The Linnet's Wings Summer 2014 - Page 124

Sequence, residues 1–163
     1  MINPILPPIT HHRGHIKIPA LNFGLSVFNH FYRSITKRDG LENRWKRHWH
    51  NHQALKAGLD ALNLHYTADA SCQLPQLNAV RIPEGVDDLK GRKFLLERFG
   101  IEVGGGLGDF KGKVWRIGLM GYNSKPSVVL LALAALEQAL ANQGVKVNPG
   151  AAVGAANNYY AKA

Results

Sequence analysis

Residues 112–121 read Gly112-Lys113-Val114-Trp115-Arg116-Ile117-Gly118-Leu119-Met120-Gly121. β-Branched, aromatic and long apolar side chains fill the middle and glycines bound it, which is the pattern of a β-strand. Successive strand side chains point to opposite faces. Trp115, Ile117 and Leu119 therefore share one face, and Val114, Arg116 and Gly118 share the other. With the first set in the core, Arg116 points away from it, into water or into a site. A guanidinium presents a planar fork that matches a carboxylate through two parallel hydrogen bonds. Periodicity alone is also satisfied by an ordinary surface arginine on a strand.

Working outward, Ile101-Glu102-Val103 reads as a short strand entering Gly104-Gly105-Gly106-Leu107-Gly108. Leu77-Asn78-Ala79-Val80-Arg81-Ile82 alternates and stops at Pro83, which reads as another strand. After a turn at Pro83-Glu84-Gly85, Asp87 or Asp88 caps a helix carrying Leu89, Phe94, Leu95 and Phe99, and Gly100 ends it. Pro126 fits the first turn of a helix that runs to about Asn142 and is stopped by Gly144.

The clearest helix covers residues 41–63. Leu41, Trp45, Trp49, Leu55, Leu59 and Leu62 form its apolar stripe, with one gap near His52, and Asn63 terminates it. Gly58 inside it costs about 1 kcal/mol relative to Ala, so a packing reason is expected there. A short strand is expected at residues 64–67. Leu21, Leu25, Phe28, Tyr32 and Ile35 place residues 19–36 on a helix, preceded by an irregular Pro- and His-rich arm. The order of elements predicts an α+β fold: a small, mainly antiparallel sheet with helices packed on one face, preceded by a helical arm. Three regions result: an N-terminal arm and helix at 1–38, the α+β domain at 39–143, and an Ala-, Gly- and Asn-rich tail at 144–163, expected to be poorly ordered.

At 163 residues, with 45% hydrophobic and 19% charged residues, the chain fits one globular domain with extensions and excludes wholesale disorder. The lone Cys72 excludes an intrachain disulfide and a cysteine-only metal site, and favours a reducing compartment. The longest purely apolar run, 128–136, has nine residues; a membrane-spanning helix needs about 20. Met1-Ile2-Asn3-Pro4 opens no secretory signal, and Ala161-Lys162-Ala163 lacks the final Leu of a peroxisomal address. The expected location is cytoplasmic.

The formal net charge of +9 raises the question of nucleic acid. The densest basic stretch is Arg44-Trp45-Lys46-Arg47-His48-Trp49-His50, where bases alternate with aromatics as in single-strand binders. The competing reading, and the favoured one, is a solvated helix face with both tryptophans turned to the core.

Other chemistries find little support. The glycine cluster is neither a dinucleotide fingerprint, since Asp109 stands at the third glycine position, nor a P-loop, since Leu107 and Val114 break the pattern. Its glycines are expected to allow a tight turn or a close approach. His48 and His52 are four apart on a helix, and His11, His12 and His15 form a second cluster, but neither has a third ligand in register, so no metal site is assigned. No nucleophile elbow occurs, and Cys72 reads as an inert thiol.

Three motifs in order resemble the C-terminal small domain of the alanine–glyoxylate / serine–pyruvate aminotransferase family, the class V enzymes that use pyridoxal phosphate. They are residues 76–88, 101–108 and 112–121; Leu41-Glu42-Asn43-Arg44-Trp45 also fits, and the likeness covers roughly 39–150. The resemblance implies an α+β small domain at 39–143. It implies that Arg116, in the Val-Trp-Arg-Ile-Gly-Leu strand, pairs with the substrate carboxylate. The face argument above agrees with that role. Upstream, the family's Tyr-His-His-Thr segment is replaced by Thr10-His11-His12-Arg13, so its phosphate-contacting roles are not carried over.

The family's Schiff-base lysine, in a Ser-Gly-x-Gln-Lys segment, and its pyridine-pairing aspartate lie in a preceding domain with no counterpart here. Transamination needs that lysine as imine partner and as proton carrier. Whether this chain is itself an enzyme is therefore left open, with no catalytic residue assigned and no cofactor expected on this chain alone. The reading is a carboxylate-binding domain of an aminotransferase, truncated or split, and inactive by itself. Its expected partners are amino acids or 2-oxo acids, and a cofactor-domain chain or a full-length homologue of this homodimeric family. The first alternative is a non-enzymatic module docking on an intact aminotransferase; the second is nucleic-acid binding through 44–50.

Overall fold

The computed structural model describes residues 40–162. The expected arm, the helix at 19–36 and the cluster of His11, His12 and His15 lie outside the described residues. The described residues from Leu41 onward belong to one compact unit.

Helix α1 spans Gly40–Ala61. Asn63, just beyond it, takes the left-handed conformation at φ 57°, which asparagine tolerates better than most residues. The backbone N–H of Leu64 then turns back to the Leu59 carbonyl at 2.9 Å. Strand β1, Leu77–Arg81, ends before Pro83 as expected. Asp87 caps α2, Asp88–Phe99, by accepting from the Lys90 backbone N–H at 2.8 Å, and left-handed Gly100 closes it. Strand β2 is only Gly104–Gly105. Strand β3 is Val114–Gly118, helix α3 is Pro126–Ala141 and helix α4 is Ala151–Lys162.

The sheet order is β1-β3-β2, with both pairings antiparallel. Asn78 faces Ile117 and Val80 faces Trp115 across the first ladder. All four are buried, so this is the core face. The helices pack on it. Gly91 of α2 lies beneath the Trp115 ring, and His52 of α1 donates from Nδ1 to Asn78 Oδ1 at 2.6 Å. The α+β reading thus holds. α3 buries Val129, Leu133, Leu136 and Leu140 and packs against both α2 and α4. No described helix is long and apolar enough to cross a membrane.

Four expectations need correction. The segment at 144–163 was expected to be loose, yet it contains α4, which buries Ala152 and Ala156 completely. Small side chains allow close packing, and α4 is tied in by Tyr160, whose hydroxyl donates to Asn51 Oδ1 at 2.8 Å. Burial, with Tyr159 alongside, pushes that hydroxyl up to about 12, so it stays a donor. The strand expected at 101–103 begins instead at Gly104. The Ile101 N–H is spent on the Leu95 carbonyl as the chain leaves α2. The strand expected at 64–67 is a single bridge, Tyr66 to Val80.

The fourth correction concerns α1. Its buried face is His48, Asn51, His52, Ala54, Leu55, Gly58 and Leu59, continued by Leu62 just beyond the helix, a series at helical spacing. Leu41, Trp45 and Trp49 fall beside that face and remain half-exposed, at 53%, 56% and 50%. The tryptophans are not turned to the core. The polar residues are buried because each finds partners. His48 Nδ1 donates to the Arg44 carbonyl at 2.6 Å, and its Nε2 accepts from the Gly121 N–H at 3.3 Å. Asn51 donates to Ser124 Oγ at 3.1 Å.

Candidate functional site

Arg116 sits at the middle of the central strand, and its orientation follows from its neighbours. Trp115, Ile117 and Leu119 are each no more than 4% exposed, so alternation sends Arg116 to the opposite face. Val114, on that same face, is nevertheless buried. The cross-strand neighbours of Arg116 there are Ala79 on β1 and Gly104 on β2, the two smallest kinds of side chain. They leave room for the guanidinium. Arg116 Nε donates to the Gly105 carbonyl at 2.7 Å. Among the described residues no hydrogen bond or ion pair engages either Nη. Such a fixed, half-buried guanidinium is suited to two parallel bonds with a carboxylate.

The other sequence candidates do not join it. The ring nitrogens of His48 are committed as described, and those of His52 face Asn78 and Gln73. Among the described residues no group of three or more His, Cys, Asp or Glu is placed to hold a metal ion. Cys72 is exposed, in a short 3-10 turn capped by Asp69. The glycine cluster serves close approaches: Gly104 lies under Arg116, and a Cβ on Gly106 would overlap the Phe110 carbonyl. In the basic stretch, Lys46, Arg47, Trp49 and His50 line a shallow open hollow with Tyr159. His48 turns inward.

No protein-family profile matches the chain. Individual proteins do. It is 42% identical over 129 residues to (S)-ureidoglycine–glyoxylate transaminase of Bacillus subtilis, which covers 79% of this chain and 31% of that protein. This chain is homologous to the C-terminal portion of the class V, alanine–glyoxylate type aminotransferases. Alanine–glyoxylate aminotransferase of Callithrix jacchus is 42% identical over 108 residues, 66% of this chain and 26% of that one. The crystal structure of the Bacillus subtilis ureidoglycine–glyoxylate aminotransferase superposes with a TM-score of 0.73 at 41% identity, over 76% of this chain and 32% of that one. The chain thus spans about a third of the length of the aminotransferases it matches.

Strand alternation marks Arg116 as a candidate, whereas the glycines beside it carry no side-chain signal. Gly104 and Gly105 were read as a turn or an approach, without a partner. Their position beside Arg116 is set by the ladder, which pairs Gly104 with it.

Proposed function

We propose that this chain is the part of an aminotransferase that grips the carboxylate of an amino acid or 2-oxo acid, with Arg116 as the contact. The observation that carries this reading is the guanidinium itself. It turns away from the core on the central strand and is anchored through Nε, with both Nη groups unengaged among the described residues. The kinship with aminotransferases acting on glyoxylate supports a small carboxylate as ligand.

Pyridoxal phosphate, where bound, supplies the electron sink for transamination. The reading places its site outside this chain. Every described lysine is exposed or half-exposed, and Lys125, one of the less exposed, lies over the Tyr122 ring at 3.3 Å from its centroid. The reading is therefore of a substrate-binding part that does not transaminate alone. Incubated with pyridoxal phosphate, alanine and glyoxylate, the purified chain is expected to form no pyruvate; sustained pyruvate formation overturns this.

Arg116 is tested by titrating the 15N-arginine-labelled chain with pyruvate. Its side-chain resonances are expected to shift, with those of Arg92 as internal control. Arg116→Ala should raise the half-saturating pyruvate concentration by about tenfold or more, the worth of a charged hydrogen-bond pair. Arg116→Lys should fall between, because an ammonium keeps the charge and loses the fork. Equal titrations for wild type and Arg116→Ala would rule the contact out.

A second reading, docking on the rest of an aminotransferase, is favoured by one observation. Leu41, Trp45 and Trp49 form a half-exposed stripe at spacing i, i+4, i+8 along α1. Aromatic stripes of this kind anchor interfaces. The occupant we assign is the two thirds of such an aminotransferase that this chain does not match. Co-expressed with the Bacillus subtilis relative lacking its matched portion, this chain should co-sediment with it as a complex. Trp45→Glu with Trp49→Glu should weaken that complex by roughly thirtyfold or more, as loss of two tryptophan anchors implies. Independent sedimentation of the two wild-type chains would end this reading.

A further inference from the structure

by Bill Frank Robinson The dwarf, Whitey Van Ness, a loner and outcast, rescues a comatose boy and changes his (Whitey’s) life forever. The Archie Cleebo Saga Continues. w hitey Van Ness was sitting on the tall grass in a clearing and talking to himself. “Damn! That was one hell of a storm. Good thing I found this open spot to hunker down in; if I was in the trees all that lightning would have nailed me for sure. Wonder where Hoover got off to? I hope he didn't get mixed up with a skunk or porcupine.'' He pulled his pipe from his pocket and inspected it, turning it over and over, and pressing it to his nose. "That tobacco smells so sweet; I could use a smoke right now.'' He grasped a pouch and shook tobacco into his hand; it's soaking wet. He returned the unusable mush to the pouch and fished out his matches; they're ruined. He shook his head and climbed to his feet. "I'm one hell of a woodsman. First storm that comes along puts me out of business. I've got to get back to civilization. Now where in the hell is Hoover?'' He walked into the woods, pausing every few yards to shout for his dog. Whitey was born and raised in San Francisco. His dad, Solomon, told him to be proud, dignified because Van Ness Avenue was named after his great grandpa, or was it his great uncle? Whitey never put much faith in his ancestors and the legacy they left him: where's the dignity of being the runt of the litter? Whitey was always the shortest student in school and, consequently, the brunt of ridicule from his classmates. He was ugly beyond normal ugliness. People would say, "What happened to your face? Did you have an accident or did somebody beat you up?'' Whitey would reply, "No accident; that's the way I was born.'' If they insisted that he must have got his misshapen face in a fight he would tell them he was a lover not a fighter. That was one lie he was guilty of, he never had a girlfriend in his life. The wilderness had swallowed Hoover: he can't be found anywhere. Whitey stopped walking and looked around. He had been so concerned for that hound that he didn't pay attention to the territory he was passing through. Now nothing looked familiar, he's lost. Whitey started laughing; he has been a klutz all his life and what's more fitting than to get lost in the woods? He bellowed into the trees. "Damn it, Hoover, if you don't get over here right now, you're on your own.'' He laughed some more: Hoover will probably do well without his owner around. Whitey drew his short, stocky frame together and began searching for the highway. The hours passed and Whitey was more confounded than ever: how in the hell did he ever get himself in such a predicament? He walked all day and he hadn't come across anything that even gives a hint that he was close to a way back to town. He could have starved or froze to death out here and there sure as hell's not going to be anybody looking for him. For the first time in his life he regretted that he had never